An Apollo-era NASA astronaut who was the first person born in Australia to train for a spaceflight, Philip Chapman has died at the age 86, having never made it into orbit.
Chapman died on Monday (April 5) in Scottsdale, Arizona, almost 50 years after he resigned from NASA due to what he saw as a lack of opportunities for scientists in the astronaut corps.
“We are saddened to learn of the passing of Australian-born astronaut, Dr. Philip Chapman,” wrote the staff at the Canberra Deep Space Communication Complex, part of NASA’s Deep Space Network in Australia, on Twitter Wednesday.
Selected in 1967 after he became a U.S. citizen, Chapman was a member of NASA’s sixth class of astronaut trainees. Chosen with 10 other scientists, the group nicknamed themselves “The Excess Eleven” (the “XS-11”) in light of their being told from the start that their chances of flying into space were slim.
“What motivated me to join the program is that I was deeply interested in space technology. I was in this country so I could work on space technology. NASA called for applications to become scientist-astronauts and that is as close as you can get to space technology,” said Chapman in a 1969 interview with ABC News’ (Australia) Weekend Magazine.
After undergoing basic astronaut training, including spending more than a year learning how to fly NASA’s T-38 supersonic training jets at Randolph Air Force Base in Texas, Chapman was assigned to support roles for the then underway Apollo moon landings. Most notably, he served as mission scientist for Apollo 14, which would land Alan Shepard and Edgar Mitchell on the lunar surface while Stu Roosa remained in orbit in 1971.
“I’m not in charge of them, I am coordinating them,” Chapman said of the Apollo 14 science experiments and his role as mission scientist, in a news interview at the time. “I am acting as the liaison between the experimenters and the crew.”
That distinction was a point of contention for Chapman, who ran into objections when trying to suggest additional experiments for Roosa to perform while circling the moon. There was an opinion within the program that the mission would be more readily declared a success in the press if the number of objectives were kept to a minimum.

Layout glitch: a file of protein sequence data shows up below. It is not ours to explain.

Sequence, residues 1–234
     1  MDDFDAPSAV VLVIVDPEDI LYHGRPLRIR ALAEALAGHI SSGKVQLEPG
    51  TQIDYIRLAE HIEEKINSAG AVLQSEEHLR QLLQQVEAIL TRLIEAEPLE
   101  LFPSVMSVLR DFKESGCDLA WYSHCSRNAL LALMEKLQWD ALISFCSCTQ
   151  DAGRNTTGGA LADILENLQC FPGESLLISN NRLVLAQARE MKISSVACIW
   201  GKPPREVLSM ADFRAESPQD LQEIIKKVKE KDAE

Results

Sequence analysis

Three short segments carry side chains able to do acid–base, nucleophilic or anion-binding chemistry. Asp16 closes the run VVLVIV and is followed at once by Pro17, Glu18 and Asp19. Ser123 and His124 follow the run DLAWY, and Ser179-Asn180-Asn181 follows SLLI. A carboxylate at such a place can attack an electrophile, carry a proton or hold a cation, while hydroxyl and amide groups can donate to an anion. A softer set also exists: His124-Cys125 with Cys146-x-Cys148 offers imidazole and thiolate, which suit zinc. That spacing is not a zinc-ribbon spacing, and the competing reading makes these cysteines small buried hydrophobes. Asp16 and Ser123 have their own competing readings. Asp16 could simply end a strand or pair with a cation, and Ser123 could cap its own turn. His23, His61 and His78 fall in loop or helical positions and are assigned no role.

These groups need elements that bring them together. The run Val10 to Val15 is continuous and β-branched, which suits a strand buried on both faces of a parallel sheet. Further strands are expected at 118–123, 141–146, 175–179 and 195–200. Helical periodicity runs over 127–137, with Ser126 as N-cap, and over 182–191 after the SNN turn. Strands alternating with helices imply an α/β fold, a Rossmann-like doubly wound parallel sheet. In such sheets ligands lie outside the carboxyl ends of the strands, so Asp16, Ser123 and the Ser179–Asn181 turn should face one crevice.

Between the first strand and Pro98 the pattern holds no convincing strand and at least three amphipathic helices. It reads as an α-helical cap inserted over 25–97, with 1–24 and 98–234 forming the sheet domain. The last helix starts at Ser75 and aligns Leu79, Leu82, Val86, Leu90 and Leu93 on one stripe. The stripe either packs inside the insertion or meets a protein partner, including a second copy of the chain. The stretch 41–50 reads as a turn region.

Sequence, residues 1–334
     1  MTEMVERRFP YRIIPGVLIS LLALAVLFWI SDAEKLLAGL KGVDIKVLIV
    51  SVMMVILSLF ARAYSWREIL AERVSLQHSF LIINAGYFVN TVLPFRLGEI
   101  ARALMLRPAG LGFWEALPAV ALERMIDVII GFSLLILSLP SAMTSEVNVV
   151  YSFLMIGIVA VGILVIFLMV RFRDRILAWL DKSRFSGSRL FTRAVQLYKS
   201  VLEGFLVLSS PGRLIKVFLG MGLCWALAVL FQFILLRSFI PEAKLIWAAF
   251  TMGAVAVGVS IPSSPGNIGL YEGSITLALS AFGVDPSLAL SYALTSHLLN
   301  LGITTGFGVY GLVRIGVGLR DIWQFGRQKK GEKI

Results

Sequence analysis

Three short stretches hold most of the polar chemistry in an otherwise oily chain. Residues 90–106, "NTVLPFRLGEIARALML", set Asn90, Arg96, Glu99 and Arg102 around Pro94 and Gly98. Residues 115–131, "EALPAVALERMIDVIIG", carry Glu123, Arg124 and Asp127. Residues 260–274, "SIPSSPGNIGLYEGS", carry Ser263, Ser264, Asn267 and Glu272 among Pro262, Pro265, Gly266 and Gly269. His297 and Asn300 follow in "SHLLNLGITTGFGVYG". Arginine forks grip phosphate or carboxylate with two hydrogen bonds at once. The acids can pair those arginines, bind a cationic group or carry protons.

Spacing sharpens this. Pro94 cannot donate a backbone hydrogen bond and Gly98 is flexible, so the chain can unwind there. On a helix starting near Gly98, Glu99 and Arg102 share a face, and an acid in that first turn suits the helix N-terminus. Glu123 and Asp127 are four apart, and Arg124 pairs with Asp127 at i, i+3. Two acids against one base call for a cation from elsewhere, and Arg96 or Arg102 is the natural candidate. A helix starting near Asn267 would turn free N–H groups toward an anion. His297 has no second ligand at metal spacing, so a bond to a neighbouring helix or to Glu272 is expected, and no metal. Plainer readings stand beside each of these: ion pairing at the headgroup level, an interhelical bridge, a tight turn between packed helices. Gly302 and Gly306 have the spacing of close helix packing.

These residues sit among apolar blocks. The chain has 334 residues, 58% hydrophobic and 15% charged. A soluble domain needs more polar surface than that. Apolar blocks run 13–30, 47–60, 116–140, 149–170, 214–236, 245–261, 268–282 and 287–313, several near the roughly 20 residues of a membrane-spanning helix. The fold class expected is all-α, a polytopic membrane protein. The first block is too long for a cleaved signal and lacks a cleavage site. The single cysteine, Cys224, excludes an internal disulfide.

“I was dumbfounded by the idea that the way to increase interest in spaceflight was to minimize the useful results, and insubordinate Australian that I am, I told Deke [Slayton, the director of flight crew operations] what I thought of his new policy,” Chapman said in an interview for the 2019 book “Shattered Dreams: The Lost and Canceled Space Missions” by Colin Burgess (University of Nebraska Press).
Still, Chapman suggested one of the more memorable science demonstrations to be carried out on the moon.
“I recall commenting to [Apollo 15 support crew member and capcom] Joe Allen that the moon would be a great place to repeat Galileo’s famous demonstration at the Leaning Tower of Pisa, because the objects would fall slowly, and in vacuum,” Chapman said of what would become Apollo 15 commander David Scott’s famous “hammer and feather” drop in an interview with Emily Carney for her “This Space Available” column published by the National Space Society. “If I had thought about it seriously, I would have suggested it to Al Shepard on Apollo 14 — but perhaps he would have preferred his demonstration of golf on the moon.”
“It appears that we have to make a choice between losing our competency as pilots or losing our competency as scientists, said Chapman, as reported by The Associated Press at the time.
Born in Melbourne, Australia, on March 5, 1935, Philip Kenyon Chapman grew up and attended school in Sydney, earning his bachelor’s in physics and mathematics from the University of Sydney in 1956.
“I’m delighted to have been an Australian — I’m American now,” said Chapman in the 1969 ABC News interview. “I don’t feel it is particularly significant in terms of what I am doing in the program. It is a matter of sheer chance but I am happy it turned out that way.”
After serving with the Royal Australian Air Force for two years and spending 15 months at Mawson Station in Antarctica as an auroral/radio physicist, he worked for a year as an electro-optics staff engineer on flight simulators in Quebec, Canada, before becoming a staff physicist at the Massachusetts Institute of Technology (MIT), where he earned his masters in aeronautics and astronautics in 1964 and doctorate in instrumentation in 1967.
After his five years with NASA, Chapman briefly worked on laser propulsion and the concept of solar power satellites at the Avco Everett Research Laboratory in Massachusetts before turning his attention to commercial spaceflight. He was elected president of the L5 Society (today, the National Space Society) and served on the Citizens’ Advisory Council on National Space Policy and then became chief scientist for two companies, Rotary Rocket and t/space, which were independently developing commercial reusable spacecraft to advance the space economy and service the International Space Station.
In 2009, Chapman returned to the study of space-based power, founding the Solar High Study Group, to further the development of solar power satellites.
Chapman is survived by his wife of 37 years, Maria Tseng. He is preceded in death by his first wife, Pamela Gatenby, with whom he had two children, Peter and Kristen.